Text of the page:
East African LNG

Brian Hicks

Written By Brian Hicks

Posted February 21, 2013

India’s state-run Oil and Natural Gas Corporation (NSE: ONGC) is aiming to not only purchase a 10 percent stake owned by Videocon in a large Mozambique gas field, but also hopes to invest around $1 billion in a liquefied natural gas terminal to be situated in Mangalore.

According to The Business Standard, ONGC Videsh Ltd., the international organ of ONGC, and Oil India Ltd. (NSE: OIL) are presently working out the details of the Videocon deal. That company is looking for a minimum of $3 billion for the 10 percent stake, which the combine finds too high.

The stake is in the Rovuma basin, Offshore Area 1. Since OIL alone would not be able to carry out the deal, ONGC stepped in to work with the company. But it appears that other international oil majors like BP Plc (NYSE: BP), Exxon Mobil (NYSE: XOM), and China’s Sinopec (NYSE: SNP) have also deemed Videocon’s asking price rather too high, Business Standard reports.

The companies plan to process the gas at the Cabo Delgado facility in northern Mozambique and then ship it to Asian markets, where demand for LNG continues to grow rapidly.

That plant is likely to have a capacity of 20 million tons of LNG annually and should be operational by 2018. The operators of Offshore Area 1 and Offshore Area 4—presently the Italian oil major Eni (NYSE: E)—will equally split the facility’s capacity.

Meanwhile, ONGC and India’s Bharat Petroleum Corporation Ltd. are partnering with Japan’s Mitsui Group on a $1 billion deal to set up the import terminal at Mangalore in India. The facility is expected to have a capacity of 5 million tons.

The Business Standard reports:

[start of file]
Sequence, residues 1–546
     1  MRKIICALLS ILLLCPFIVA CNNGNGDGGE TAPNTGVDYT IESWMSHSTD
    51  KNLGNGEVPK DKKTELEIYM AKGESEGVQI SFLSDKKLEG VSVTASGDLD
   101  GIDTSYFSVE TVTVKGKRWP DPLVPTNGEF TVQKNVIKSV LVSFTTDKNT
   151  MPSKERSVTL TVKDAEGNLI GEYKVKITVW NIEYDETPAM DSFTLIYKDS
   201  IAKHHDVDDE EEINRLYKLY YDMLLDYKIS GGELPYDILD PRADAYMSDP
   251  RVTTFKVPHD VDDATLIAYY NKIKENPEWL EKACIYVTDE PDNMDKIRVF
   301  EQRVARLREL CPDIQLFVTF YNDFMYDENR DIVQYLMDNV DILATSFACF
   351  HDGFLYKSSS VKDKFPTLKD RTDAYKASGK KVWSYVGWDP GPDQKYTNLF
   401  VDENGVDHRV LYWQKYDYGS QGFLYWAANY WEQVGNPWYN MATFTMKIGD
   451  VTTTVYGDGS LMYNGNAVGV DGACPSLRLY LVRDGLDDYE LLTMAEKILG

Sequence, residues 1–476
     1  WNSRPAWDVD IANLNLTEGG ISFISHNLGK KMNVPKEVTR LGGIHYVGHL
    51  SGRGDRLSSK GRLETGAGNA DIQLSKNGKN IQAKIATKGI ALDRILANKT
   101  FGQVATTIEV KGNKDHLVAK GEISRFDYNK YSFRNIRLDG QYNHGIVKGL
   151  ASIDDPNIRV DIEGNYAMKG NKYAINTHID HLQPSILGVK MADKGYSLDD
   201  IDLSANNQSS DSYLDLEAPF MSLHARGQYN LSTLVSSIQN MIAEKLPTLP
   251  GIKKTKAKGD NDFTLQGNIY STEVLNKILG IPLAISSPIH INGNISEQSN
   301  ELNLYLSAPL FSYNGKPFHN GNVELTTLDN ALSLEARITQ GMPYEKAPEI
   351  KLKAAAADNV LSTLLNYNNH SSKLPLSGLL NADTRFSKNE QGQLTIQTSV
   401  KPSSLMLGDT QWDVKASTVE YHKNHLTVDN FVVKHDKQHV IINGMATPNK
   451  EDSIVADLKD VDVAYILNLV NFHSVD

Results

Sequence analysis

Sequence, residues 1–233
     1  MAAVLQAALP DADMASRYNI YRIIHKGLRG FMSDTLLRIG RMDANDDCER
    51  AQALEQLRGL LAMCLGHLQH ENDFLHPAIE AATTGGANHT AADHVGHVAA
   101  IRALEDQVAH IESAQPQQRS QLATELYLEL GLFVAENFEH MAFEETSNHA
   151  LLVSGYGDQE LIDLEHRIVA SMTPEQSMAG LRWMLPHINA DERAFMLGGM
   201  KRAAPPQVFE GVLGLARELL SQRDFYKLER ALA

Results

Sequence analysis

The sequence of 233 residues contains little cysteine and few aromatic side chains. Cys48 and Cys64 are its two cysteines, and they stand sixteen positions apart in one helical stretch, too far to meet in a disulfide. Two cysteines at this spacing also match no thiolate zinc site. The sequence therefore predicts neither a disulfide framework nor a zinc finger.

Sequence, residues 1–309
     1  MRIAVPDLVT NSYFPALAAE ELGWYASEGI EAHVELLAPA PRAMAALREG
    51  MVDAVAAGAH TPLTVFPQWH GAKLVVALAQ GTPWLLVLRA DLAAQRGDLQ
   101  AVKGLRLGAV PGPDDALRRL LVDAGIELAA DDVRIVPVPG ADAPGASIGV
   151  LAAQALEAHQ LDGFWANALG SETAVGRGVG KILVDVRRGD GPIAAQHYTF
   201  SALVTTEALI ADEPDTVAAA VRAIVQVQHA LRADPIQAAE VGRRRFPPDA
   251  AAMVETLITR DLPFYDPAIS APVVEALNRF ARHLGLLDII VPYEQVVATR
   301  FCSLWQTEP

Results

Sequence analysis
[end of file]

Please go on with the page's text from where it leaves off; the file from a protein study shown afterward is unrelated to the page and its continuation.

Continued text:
“We are going to sign a memorandum of understanding with BPCL soon and already have an arrangement with Mitsui. A feasibility study is going on in this regard and our plan is to come up with a five-mt terminal,” ONGC’s Chairman and Managing Director Sudhir Vasudeva told reporters on Wednesday.

Currently, the companies are hashing details out with the New Mangalore Port Trust to figure out the facility’s location. India already had some LNG terminals—Petronet LNG’s 10 million ton facility in Gujarat, Shell’s (NYSE: RDS.A) 3.6 million ton plant in Hazira, and Ratnagiri Gas and Power Pvt. Ltd.’s 5 million ton plant in Maharashtra. Another plant, by Petronet, is expected to be up and running soon.

Numerous other domestic oil and gas operators and developers are also lining up LNG terminals for development, largely in response to the country’s ever-expanding appetite for LNG.

Likewise, pipeline infrastructure is also seeing impressive growth. ONGC, alongside the Videocon and Mangalore deals, is expanding the Kochi-Mangalore and Mangalore-Bangalore pipelines to expand GAIL’s Dabhol-Bangalore pipeline.

From Mozambique, LNG would be sent to the Mangalore terminal, which would then supply the numerous southern states of India.

The Offshore Area 1 block has been fairly promising for gas developers. The Prosperidade complex is estimated to have some 17-30 trillion cubic feet of recoverable natural gas, and the Golfinho/Atum complex around 15-35 trillion cubic feet.

Another discovery, Tubarao, is currently being explored with an appraisal well projected to be drilled sometime this year. Anadarko is the major operator of this block—it has a 36.5 operating interest—and Mitsui E&P follows with 20 percent. After that, the Mozambique unit of Bharat Petroleum and Videocon each own a 10 percent stake.

Altogether, the Offshore Area 1 block could hold up to 70 trillion cubic feet of recoverable natural gas.

Regarding the upcoming deal that is presently in the works, RTT News reports:

“We will be signing a MoU with BPCL for looking into the feasibility of setting up the LNG terminal at Mangalore,” ONGC Chairman and Managing Director Sudhir Vasudeva said, adding that “After the MoU, we will do detailed feasibility studies based on which an investment decision will be taken.”

Italy’s Eni has a 70 percent stake in the Area 4 field, with the remainder split between Portugal’s Galp Energia, South Korea’s KOGAS, and Mozambique’s own ENH.

In recent years, attention has turned to Mozambique for its seemingly vast reserves of natural gas, so it is very likely that international activity will only increase in that region as more and more oil and gas developers seek to respond to rising East Asian demand for LNG.

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